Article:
Seedling diseases, also known as damping-off (seedling death), are caused by several common soil-inhabiting fungi acting alone or collectively during pre-emergence
and postemergence of cotton seedlings. Seedling diseases are common but often a
minor problem in cotton production areas of Arizona in most years. However, significant stand loss to seedling
diseases can occur sporadically in some fields without
good crop rotation history.
Alternaria leaf spot of cotton is also known as Alternaria leaf blight. The disease was first identified in cotton in the US in 1918 and is now distributed worldwide. Alternaria leaf spot has been considered a minor disease in the cotton growing areas of Arizona.
Goss’s bacterial wilt and leaf blight
(Goss’s wilt) was first recorded in Nebraska in the late 1960s
and is now distributed widely in most states throughout
the Corn Belt. The disease was first detected on field corn
in southeastern Arizona in 2018.
Spray Legally: Summary of Enlist™, Engenia® and Xtendimax® Application Use Requirements on Cotton
Enlist™ One and Enlist Duo are water-based formulations of 2,4-D that can only be sprayed on cotton varieties with Enlist traits. XtendiMax® with VaporGrip® Technology and Engenia® Herbicide are water-based formulations of dicamba that can only be sprayed on cotton varieties with XtendFlex traits. The EPA labels for these 2,4-D and dicamba products include many requirements designed to reduce off-target movement and help limit damage to downwind crops and other susceptible plants. These are summarized in this table comparing 2,4-D and dicamba herbicide products. Check labels and websites for current requirements before spraying.
Cotton stem blight and boll rot is caused by the necrotrophic fungus Sclerotinia sclerotiorum. This pathogen can attack hundreds of plant species including many important agricultural crops such as vegetables, legumes, sunflowers, canola, many flowering bedding plants, and stone fruits.
Variety selection is one of the most important decisions a grower will make contributing to the success of a cotton crop. It is critical, that a grower have as much information as possible in order to make an informed decision regarding variety selection.
Insect Management on Desert Produce Crops: Western Flower Thrips 2016
Western flower thrips are major pests to lettuces, cabbage, and spinach because of the damage they cause to these plants. This article describes their development, Economic Damage, and suggestions for their management.
Insect Management on Desert Vegetables and Melons: Whiteflies 2015
This article describes the sweetpotato whitefly (SWF) in great depth and their relation to Desert Vegetables and Melons. It includes it's history of development and damages it has caused. The article also describes the management of SWF, including sampling/monitoring, natural/biological control, cultural practices, and insecticidal control.
Three maturity groupings are often used to classify cotton varieties, consisting of: 1) short season or more determinate plants, 2) medium season varieties, and 3) long or full season varieties which are more indeterminate in nature. Classification of cotton varieties into one of these three categories is not necessarily straightforward in all cases. In fact, it easily can become a process of “splitting hairs” when making maturity grouping designations for cotton varieties. Nevertheless, maturity designations are commonly assigned to most commercially available varieties, which can effect selection and management.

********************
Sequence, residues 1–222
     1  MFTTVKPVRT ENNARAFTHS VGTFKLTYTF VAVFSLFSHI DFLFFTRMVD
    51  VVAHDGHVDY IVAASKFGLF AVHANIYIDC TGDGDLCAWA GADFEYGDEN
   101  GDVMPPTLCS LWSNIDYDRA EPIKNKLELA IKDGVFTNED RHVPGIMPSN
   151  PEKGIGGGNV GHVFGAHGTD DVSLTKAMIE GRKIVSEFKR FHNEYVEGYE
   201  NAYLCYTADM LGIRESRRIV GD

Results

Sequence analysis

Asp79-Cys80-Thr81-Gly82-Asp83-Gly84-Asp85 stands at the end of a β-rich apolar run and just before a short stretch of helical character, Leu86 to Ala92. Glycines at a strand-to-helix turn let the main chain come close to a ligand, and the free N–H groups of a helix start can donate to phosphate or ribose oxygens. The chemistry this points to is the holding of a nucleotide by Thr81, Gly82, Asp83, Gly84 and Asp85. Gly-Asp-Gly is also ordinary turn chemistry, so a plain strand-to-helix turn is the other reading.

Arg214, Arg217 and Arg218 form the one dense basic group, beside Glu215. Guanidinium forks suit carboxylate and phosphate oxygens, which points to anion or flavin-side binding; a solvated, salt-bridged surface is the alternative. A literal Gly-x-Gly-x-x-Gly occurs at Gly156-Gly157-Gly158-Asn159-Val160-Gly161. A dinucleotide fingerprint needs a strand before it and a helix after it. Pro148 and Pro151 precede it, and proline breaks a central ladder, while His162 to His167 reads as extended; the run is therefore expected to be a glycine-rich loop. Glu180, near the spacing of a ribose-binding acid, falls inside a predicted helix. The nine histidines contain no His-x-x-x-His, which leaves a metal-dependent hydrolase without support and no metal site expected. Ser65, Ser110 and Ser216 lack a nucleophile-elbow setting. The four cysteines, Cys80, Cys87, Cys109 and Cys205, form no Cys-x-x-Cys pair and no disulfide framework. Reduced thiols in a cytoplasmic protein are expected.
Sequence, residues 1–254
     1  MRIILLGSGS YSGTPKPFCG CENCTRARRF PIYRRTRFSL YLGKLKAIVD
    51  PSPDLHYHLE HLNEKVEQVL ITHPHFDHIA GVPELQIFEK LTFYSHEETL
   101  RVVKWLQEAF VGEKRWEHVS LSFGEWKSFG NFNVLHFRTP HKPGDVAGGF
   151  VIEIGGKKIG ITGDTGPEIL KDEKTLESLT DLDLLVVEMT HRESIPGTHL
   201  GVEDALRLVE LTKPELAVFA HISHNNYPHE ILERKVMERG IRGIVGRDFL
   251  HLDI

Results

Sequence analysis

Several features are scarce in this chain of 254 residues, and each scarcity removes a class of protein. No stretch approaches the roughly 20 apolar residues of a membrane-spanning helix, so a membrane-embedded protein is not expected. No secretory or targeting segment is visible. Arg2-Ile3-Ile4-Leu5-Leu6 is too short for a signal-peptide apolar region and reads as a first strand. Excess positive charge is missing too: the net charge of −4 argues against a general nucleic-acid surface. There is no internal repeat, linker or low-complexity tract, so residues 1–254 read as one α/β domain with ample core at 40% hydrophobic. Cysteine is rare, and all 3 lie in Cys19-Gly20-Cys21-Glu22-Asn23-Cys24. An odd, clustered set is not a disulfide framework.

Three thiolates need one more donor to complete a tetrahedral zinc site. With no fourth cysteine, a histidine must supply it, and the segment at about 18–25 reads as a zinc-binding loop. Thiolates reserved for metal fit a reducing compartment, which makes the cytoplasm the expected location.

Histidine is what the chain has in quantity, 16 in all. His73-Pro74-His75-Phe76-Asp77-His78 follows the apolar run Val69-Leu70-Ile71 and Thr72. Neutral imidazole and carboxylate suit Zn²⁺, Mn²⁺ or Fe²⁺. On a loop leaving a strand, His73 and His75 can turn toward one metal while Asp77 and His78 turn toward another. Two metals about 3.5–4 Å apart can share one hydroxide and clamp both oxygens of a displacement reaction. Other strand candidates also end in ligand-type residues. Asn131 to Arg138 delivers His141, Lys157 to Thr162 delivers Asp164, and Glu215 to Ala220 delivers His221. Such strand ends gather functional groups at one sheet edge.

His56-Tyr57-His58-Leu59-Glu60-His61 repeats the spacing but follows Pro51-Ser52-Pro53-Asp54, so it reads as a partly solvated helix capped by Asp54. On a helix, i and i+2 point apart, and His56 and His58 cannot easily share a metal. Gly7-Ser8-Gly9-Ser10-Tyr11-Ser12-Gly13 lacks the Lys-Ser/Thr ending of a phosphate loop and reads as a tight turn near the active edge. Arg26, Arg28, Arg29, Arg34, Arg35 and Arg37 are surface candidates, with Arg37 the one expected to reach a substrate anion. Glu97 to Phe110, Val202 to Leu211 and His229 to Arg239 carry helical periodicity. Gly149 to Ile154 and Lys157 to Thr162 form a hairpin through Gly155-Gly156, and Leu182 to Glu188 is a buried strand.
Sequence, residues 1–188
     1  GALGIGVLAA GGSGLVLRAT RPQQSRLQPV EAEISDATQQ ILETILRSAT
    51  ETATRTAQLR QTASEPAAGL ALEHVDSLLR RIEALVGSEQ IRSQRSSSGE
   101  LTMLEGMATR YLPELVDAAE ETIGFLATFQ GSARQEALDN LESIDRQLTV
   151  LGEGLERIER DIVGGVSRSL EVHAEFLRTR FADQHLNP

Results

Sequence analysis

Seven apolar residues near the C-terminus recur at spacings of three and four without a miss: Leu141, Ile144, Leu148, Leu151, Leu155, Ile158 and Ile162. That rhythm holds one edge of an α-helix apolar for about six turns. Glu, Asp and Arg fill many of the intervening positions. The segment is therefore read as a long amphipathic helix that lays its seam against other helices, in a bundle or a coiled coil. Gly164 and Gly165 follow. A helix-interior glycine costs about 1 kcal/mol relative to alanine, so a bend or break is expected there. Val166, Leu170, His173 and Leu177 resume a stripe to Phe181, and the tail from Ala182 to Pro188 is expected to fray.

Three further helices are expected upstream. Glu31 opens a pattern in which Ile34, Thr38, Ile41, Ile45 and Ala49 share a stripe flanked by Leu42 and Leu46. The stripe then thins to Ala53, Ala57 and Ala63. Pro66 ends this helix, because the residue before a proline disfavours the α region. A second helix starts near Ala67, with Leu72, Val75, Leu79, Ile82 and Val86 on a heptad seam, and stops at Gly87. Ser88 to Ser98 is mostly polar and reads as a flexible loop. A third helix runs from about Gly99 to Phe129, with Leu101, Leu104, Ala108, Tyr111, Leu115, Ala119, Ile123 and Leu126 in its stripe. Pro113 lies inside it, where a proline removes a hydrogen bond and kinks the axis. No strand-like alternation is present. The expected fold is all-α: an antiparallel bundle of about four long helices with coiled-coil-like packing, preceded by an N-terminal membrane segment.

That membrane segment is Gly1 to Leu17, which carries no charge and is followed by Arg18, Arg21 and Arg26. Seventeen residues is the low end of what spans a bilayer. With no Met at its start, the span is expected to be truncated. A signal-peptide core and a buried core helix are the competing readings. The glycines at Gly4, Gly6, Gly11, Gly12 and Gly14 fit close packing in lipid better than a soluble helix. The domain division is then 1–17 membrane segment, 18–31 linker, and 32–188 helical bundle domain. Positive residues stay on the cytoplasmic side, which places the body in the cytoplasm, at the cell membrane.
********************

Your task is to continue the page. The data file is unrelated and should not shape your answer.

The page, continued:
Soil Management and Soil Testing for Irrigated Cotton Production
Whenever studying cotton, it is a natural tendency to focus on the above ground portions of the plant. However, an equally important part of the plant is the root system, The soil is a focal point of any farming operation.
The approaches and techniques used to produce a cotton crop in Arizona can vary to some degree from county to county, or from farm to farm. However, one of the objectives that has become increasingly common across Arizona is that of achieving earliness with a crop.
Estimating the Vegetative/Reproductive Balance in Cotton Growth
A healthy, well-developed cotton plant that is capable of high yield requires a strong root system, mainstem structure, sufficient leaves, and numerous fruiting branches to support a good boll load. Too small a vegetative structure on the plant results in reduced yield potential, and too much vegetative development, which is usually done at the expense of fruit set and yield.
Soil Fertility and Soil Testing Guideline for Arizona Cotton
According to all available evidence, there are 20 total nutrients necessary for complete plant growth and development. Not all are required for all plants, but all have been found to be essential to some.
There are several factors which are important to consider in managing defoliation. Factors such as plant-water relations, Nitrogen (N) fertility status, the extent of honeydew deposits on the leaves from insects such as the sweet potato whitefly or aphids, and weather conditions following the defoliant application are all important in terms of the final defoliation results.
This bulletin deals with the physiology of cotton defoliation and attempts to describe what conditions must exist inside the plant in order for defoliation to occur. It is important to understand the basic physiological processes involved in order for best crop management practices to accomplish a successful defoliation.
After stand establishment, the next critical stage in the development of a cotton crop is the initiation of the first squares, or floral buds, which could develop into the plants’ first boll. This is an important step for a cotton crop and one which is usually followed closely by the attentive farmer.